The Constitution has power because people still believe.

Sunday, Sept. 17, is Constitution Day, the 230th anniversary of the signing of the U.S. Constitution. The event kicks off Constitution Week, enacted by President Dwight D. Eisenhower in 1956.

After 11 years under the Articles of Confederation, the country had seen states argue over fishing rights, funding the national treasury and territory disputes, with two states briefly declaring war on each other, representatives from 12 of the 13 the quasi-independent United States met to discuss how to fix the union. After five months of debate, on Sept. 17, 1787, the Constitutional Convention signed a document that restructured the federal relationship and would more strongly unite the nation under a central government.

The wisdom of the Constitution is not that it was an infallible document, but instead one that would allow for adaptation as times changed. The framers knew they could not anticipate the future, leaving open a lengthy but direct means to change it, which happened less than two years later with the first 10 amendments. In total, we have amended it 27 times.

Whether Americans are native-born or naturalized immigrants, subscribing to a host of political views across the spectrum, we “believe” in the Constitution. Even during the American Civil War, both Confederates and Unionists “believed” in the same Constitution, though violently disagreeing in their interpretation.

Why does the U.S. Constitution work while other constitutions in other countries have failed? The Constitution of the Soviet Union enumerated the rights of the people to speak freely and elect representatives. The Constitution of North Korea does the same and yet is one of the most repressive nations in the world. Other countries have constitutions routinely cast aside after elections, leading to coups, civil wars and revolutions. States fall into tyranny when leaders usurp the rule of law with the rule by law.

We, the people, give the Constitution power because we collectively believe in it. It’s why one leader peacefully transitions the reins of power to his or her opponent after even the most contentious of elections. It’s why we pay or contest speeding tickets, or argue passionately before robed judges in our temples of marble columns about the meaning of sentences, sometimes even just a few words, to prove we or others have the right to vote, or be freed from imprisonment, read uncensored literature, attend integrated schools, marry whom we love, protest in the street or speak our ideas freely.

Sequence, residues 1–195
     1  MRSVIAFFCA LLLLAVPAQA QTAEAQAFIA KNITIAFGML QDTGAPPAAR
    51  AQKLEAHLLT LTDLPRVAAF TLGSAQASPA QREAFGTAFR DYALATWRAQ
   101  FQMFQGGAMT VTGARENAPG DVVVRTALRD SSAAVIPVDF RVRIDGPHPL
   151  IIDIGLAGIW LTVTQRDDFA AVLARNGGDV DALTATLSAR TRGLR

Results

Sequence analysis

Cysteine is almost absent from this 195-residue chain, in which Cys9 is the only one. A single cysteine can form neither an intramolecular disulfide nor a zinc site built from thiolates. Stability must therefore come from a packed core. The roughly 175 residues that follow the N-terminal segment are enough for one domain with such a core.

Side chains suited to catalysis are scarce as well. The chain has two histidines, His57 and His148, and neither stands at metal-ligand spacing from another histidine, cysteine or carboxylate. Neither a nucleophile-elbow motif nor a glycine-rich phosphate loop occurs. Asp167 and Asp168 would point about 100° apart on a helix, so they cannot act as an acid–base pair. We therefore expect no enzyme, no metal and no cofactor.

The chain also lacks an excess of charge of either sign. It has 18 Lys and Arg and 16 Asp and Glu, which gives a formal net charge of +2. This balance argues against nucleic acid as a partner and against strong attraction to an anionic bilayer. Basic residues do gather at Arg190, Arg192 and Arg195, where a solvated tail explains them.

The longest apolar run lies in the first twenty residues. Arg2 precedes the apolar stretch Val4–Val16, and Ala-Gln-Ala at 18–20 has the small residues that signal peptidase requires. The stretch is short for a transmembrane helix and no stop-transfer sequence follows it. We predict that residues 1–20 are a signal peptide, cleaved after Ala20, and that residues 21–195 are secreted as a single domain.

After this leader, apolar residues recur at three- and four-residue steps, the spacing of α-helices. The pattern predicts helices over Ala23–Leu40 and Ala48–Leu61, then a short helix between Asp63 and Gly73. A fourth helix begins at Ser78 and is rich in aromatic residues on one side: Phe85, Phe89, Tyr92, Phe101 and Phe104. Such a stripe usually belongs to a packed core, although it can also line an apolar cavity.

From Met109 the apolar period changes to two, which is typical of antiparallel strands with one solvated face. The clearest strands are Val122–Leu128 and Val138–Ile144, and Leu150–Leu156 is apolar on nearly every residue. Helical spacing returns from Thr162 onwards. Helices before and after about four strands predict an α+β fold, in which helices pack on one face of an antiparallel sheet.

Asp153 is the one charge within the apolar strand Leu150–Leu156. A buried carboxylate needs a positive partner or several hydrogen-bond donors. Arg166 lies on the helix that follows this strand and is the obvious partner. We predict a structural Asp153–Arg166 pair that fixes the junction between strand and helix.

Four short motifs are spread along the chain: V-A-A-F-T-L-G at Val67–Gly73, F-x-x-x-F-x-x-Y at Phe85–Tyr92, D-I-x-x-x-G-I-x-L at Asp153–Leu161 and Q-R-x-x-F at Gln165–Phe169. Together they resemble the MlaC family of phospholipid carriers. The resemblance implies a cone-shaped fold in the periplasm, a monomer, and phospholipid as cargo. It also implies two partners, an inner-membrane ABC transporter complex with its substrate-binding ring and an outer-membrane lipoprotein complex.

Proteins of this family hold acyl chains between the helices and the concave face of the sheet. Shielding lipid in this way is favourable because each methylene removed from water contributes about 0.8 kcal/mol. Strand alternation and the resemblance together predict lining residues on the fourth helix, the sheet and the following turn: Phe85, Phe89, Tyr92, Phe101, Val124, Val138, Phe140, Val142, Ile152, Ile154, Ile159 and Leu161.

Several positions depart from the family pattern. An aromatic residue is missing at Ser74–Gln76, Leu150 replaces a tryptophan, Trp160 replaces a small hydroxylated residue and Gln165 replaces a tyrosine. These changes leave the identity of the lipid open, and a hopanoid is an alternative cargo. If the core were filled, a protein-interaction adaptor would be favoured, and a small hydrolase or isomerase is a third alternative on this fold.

Our elected officials, public servants and soldiers do not swear loyalty to the nebulous “state,” nor a flag nor leader nor high office but rather, they swear to “... support and defend the Constitution of the United States against all enemies, foreign and domestic ....” Our loyalty is not to a man or a chair but to a piece of parchment and ink, because the naked, unimpassioned words are the same for us all. Whatever our beliefs in divinity or lack thereof, Americans believe in a civic religion with our “holy text” being the Constitution.

Ignoring it or threatening to overthrow it is not just treason, as it would be in other countries, but more akin to blasphemy or sacrilege. In a country where we do not have common ties of religion, ethnicity or national history, we must rely on a common thread to unite us. We believe in the Constitution because no matter what injustice may be done to us by a neighbor or stranger or an agent of the state, the Constitution and the laws derived from it give us remedy and redress. Without the law, there can be no freedom, and without justice, there can be no law.

The Constitution’s parchment and ink has no power. It does nothing on its own but fade, playwright Peter Sagal said. Yet we, the people, believe in it. We, the people, give power to an idea, one that still guides us after 230 years.